Regurgitation vs. Vomiting
Whether you have a baby bird you are hand raising, a juvenile or an older bird that regurgitates or vomits you should know the difference between the two.
The two terms are used interchangeably but they are actually not the same although to us humans it looks the same. Regurgitation is the passive bringing up of contents from the esophagus or crop.
Vomiting is the expulsion of food and drink from the proventriculus, ventriculus, or intestines. It is not always clear between regurgitation and vomiting although finding out can be very helpful and possibly prevent adverse side effects of it.
In baby birds some things to consider that would cause regurgitation is cold formula which would lead to delayed emptying of the crop, or crop stasis or cold environmental temperature. Other consideration along those same lines:
- Overfeeding formula
- Improper consistency of formula
- Crop burn
- Other trauma to the crop (i.e. aggressive use of a feeding tube)
- Foreign body
- Yeast from the formula
- Excessive pumping on objects
The causes of regurgitation can be pathologic or physiologic. Stress over change or fear of travel, excessive playing, and excitement can cause regurgitation.
Regurgitation may also be an expression of sexual behavior. For instance, a bird may regurgitate to a mirror, or a favorite toy, or a favorite person. Regurgitation may also be associated with nesting behavior.
Don’t be alarmed it is normal behavior for birds to regurgitate to show interest as well as love. Be on the look out for pathological causes of regurgitation because they range from substandard care to gastrointestinal disease to systemic illness.
The sex, age, and species are all things to consider when deciding is this pathological or physiological and when do I go to my avian vet. Keep track of the dropping (front and back), the time of the day and what he ate just prior to vomiting.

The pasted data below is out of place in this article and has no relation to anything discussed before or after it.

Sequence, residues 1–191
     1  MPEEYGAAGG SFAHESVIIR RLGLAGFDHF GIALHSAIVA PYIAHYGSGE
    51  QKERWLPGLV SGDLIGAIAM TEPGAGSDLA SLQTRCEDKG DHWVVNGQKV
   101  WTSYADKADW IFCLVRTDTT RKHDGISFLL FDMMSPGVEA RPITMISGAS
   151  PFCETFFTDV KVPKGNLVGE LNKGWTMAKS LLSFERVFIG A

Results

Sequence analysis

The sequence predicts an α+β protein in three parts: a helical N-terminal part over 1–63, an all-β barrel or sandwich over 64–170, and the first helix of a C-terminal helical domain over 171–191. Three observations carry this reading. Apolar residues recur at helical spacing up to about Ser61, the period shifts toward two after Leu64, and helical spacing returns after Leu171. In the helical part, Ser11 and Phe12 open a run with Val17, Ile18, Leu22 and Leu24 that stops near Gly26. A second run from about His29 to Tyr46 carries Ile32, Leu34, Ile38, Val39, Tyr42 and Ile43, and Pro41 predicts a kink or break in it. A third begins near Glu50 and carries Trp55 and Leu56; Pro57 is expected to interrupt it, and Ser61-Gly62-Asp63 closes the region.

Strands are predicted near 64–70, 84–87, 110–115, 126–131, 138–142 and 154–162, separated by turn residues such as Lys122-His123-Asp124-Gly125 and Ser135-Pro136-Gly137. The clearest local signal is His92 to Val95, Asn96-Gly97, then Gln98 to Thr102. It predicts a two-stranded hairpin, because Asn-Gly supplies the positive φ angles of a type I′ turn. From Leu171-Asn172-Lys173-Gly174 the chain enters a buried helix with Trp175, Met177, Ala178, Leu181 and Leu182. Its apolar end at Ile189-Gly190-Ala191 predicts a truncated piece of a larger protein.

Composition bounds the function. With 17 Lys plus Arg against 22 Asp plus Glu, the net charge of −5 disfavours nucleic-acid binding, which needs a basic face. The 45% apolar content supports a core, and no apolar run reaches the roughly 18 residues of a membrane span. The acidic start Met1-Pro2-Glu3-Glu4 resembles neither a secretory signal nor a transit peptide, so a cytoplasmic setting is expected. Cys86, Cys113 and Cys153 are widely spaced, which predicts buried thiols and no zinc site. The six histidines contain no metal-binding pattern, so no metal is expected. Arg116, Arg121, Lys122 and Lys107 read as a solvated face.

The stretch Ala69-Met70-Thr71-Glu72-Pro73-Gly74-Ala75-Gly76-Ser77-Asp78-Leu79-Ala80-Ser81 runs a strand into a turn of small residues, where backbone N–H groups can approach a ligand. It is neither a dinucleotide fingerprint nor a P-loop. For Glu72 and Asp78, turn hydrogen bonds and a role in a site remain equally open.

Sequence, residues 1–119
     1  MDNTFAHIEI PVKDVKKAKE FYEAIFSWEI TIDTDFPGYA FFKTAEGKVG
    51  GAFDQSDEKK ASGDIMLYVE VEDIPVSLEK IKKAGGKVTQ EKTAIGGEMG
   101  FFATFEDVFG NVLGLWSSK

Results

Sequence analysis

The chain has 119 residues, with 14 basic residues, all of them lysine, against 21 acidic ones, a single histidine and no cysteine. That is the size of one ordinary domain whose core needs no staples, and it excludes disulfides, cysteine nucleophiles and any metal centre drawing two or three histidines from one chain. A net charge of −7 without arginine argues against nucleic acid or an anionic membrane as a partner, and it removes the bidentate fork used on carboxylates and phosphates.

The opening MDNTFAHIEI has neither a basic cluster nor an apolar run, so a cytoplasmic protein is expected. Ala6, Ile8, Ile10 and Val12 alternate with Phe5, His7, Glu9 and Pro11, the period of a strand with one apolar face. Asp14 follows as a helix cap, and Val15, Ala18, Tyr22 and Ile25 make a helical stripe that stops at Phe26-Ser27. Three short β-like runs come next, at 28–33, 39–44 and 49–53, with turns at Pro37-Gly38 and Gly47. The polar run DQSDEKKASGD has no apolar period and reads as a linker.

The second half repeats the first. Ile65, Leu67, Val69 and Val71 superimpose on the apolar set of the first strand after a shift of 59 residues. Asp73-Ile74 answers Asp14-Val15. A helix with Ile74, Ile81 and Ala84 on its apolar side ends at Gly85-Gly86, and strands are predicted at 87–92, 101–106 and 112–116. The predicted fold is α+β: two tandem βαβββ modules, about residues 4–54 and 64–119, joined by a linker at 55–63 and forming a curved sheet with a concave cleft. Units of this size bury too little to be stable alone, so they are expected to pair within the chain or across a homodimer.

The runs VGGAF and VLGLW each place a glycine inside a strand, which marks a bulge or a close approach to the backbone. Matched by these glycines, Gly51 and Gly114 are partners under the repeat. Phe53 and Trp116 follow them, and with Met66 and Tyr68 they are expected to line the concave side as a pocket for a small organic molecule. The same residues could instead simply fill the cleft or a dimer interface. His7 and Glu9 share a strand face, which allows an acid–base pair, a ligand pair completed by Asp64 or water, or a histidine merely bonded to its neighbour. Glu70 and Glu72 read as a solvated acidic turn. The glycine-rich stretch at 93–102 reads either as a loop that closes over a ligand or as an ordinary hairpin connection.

If this is vomiting then we have to be concerned and waste no time getting to your avian vet because vomiting can cause a whole slew of problems not to mention the implications, the whys.
Persistent regurgitation can lead to electrolyte disturbances, dehydration, weight loss, aspiration pneumonia, and possibly even death. Therefore a bird with a history of chronic regurgitation should always be hospitalized.
In an adult bird, outside of determined sexual behavior, some possible causes of vomiting or crop regurgitation:
- Infection: candidiasis (yeast), bacterial, trichomoniasis (from parasites)
- Foreign body or indigestible synthetic fibers from toys
- Mass lesion
- Extraluminal compression (goiter, granuloma, neoplasia)
- Esophageal stricture
- Dietary indiscretion or ingestion of spoiled food
- Ingestion of toxic plants or chemical irritants
- Heavy metal toxicity
So what do I do when my birds’ try to regurgitate for me and I KNOW it’s sexual and nesting behavior? My male Eclectus, who is 24 years old, has learned this behavior is not done on me, he still does it, but on the side of his food bowl near his bell.
My African Grey, who is 26 years old, still tries to regurgitate for me when I hold him but I calmly put him back on his perch or back in his cage not making a big deal of it or drawing any more attention to the behavior.
He always stops when I walk away. Be consistent and calm so they do not feel as if this is something bad and eventually they will do it less and less.
Also, make sure not to touch them in their 4 sexual zones: under the tail, on top of the tail where the flight feathers come together and under both wings, doing this only confuses and frustrates them and the regurgitating will never stop.